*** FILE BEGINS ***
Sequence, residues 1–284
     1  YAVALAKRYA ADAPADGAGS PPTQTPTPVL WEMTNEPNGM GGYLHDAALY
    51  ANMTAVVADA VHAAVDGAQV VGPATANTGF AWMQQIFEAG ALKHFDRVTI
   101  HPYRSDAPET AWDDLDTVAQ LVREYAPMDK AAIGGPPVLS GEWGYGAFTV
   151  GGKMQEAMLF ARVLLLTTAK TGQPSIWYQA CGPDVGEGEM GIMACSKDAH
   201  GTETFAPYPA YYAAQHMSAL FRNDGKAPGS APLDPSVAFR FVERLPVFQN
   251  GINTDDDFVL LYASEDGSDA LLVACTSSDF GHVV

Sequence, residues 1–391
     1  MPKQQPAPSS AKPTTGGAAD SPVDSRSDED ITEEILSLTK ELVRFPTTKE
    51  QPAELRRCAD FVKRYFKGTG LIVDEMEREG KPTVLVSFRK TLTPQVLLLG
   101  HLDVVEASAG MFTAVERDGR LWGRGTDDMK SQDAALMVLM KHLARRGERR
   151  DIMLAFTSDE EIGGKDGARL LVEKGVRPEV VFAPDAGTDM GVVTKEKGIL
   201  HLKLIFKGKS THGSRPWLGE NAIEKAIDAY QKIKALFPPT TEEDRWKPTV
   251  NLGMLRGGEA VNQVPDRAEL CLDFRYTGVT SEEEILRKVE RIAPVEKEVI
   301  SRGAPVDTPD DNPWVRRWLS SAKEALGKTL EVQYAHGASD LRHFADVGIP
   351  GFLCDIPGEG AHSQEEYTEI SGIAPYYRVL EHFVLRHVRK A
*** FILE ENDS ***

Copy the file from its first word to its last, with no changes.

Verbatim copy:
Sequence, residues 1–284
     1  YAVALAKRYA ADAPADGAGS PPTQTPTPVL WEMTNEPNGM GGYLHDAALY
    51  ANMTAVVADA VHAAVDGAQV VGPATANTGF AWMQQIFEAG ALKHFDRVTI
   101  HPYRSDAPET AWDDLDTVAQ LVREYAPMDK AAIGGPPVLS GEWGYGAFTV
   151  GGKMQEAMLF ARVLLLTTAK TGQPSIWYQA CGPDVGEGEM GIMACSKDAH
   201  GTETFAPYPA YYAAQHMSAL FRNDGKAPGS APLDPSVAFR FVERLPVFQN
   251  GINTDDDFVL LYASEDGSDA LLVACTSSDF GHVV

Sequence, residues 1–391
     1  MPKQQPAPSS AKPTTGGAAD SPVDSRSDED ITEEILSLTK ELVRFPTTKE
    51  QPAELRRCAD FVKRYFKGTG LIVDEMEREG KPTVLVSFRK TLTPQVLLLG
   101  HLDVVEASAG MFTAVERDGR LWGRGTDDMK SQDAALMVLM KHLARRGERR
   151  DIMLAFTSDE EIGGKDGARL LVEKGVRPEV VFAPDAGTDM GVVTKEKGIL
   201  HLKLIFKGKS THGSRPWLGE NAIEKAIDAY QKIKALFPPT TEEDRWKPTV
   251  NLGMLRGGEA VNQVPDRAEL CLDFRYTGVT SEEEILRKVE RIAPVEKEVI
   301  SRGAPVDTPD DNPWVRRWLS SAKEALGKTL EVQYAHGASD LRHFADVGIP
   351  GFLCDIPGEG AHSQEEYTEI SGIAPYYRVL EHFVLRHVRK A